BOSTON, Oct. 14, 2021 /PRNewswire/ -- 87% of adults say it's important that doctors know their patients' priorities and what is important to them - but people with serious illness report that clinicians tend to know their priorities and health goals less well than those without serious illness.
These were among the findings released today at the 6th Annual Summit of the Massachusetts Coalition for Serious Illness Care ("Coalition"). Over the last year, Coalition researchers engaged with nearly 2,500 people nationwide in a multi-phase project designed to drive improvements in communication and care for people and families facing serious illnesses. Researchers focused specifically on the experiences of Black and Hispanic adults, people with serious illnesses and disabilities, and their caregivers.
"People are telling us loud and clear what they want from the health care system: to be heard," said Dr. Atul Gawande, co-chair of the Coalition; Surgeon, Brigham and Women's Hospital; Professor, Harvard T.H. Chan School of Public Health; and Chair, Ariadne Labs. "There are many things we need to do differently to dismantle inequities in health care experiences. These data are showing us that a clear place to start is investing in systematic approaches to improving the communication and connection that seriously ill patients and clinicians both want."
The nationally representative survey of 1,854 adults covered many facets of health care experiences related to serious illness care and decision making. The team explored further with 580 adults in qualitative research sessions throughout the summer. The research was funded with support from The John A. Hartford Foundation, the Cambia Health Foundation and Blue Cross Blue Shield of Massachusetts. Participatory design methods were used to help align the questions and approaches with the lived experiences of marginalized communities.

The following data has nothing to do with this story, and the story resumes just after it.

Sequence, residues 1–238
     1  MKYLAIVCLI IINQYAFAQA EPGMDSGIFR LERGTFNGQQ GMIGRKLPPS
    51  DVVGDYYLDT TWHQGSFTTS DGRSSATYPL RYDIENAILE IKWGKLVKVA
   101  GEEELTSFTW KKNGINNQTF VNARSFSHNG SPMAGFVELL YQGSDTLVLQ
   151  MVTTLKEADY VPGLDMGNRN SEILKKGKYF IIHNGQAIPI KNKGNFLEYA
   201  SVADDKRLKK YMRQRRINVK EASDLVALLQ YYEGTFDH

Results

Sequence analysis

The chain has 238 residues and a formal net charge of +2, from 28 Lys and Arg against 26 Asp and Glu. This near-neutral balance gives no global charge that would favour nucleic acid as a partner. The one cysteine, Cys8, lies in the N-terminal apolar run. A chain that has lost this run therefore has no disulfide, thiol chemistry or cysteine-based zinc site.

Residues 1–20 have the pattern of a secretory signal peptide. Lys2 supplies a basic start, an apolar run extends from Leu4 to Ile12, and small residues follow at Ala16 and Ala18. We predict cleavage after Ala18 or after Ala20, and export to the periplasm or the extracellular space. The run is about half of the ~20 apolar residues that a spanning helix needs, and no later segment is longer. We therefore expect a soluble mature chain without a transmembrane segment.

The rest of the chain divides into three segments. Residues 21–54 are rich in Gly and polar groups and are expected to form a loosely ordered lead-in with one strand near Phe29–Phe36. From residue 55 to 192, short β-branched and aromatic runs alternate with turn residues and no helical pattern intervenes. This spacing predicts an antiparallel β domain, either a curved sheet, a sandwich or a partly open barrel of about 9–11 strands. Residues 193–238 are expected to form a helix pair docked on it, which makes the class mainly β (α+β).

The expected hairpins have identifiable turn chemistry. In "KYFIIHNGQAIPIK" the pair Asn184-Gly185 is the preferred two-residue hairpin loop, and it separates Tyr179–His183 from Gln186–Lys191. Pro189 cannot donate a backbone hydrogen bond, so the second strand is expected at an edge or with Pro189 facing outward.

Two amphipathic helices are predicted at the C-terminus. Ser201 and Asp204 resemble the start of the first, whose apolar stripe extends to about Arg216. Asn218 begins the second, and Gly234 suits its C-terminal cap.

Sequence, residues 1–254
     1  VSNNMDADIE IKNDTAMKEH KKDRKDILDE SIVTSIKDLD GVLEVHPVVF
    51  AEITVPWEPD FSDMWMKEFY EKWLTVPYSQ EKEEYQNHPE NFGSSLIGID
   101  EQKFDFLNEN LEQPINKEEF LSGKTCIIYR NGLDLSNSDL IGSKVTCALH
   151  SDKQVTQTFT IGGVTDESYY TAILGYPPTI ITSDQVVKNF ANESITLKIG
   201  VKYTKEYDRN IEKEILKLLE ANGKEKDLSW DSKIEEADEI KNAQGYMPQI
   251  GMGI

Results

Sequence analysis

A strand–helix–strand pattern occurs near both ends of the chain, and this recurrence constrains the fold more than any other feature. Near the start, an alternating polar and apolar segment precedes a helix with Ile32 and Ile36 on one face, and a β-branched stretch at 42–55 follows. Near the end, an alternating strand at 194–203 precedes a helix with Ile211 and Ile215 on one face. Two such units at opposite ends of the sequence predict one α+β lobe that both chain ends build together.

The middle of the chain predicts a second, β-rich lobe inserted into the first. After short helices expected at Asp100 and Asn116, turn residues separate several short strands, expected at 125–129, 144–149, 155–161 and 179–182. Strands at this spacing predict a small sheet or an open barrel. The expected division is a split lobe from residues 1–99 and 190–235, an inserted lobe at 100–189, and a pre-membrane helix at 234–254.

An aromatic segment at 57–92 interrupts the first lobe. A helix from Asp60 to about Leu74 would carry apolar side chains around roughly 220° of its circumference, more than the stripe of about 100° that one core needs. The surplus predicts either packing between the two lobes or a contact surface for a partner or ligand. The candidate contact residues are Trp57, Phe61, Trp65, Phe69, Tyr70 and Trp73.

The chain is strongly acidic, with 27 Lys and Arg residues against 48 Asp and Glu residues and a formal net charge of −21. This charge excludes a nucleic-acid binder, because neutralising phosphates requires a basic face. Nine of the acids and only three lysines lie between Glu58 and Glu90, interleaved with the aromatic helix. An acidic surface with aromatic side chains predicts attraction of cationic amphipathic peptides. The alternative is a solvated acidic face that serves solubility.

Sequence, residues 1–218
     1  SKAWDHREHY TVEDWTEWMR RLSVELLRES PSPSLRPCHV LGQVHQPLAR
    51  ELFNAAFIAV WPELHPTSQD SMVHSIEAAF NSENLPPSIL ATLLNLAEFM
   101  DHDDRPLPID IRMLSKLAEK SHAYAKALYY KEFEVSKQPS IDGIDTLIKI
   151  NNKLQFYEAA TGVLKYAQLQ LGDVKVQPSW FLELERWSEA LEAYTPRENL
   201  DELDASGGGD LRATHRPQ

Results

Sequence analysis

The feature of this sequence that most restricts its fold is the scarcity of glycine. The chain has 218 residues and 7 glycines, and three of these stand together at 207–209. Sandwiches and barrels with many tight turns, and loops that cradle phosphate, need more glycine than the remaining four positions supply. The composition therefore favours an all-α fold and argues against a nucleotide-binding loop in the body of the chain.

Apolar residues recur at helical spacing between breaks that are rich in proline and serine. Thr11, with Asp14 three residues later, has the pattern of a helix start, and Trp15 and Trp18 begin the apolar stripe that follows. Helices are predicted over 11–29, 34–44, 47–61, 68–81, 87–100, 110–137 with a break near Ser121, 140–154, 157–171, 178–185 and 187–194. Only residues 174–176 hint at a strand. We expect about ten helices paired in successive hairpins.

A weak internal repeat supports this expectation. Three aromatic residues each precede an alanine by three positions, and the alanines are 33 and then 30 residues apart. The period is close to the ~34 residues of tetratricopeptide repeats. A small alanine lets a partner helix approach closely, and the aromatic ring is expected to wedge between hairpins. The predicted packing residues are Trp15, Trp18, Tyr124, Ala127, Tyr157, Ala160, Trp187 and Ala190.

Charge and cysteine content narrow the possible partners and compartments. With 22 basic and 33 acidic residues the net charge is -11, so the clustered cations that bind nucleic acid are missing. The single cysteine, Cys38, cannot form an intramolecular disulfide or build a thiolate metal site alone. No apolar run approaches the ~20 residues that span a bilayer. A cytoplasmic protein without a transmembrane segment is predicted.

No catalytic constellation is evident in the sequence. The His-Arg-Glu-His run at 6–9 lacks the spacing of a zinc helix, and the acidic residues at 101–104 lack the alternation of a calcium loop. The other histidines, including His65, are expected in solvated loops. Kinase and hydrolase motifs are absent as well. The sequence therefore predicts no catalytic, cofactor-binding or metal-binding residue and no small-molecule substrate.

Major findings include:
- 19% of people with serious illness report often leaving health care appointments unsure about what to do next, compared to 9% for those without a serious illness; this was similar to the 19% of people with disabilities, 15% of Black and Hispanic respondents, and 17% of the lowest income respondents who reported often having this experience
- 21% of people with serious illness report often feeling afraid to speak up or ask questions, compared to 11% for those without a serious illness; similar to the 17%-18% of Black and Hispanic respondents and the 23% of the lowest income respondents who reported often having this experience.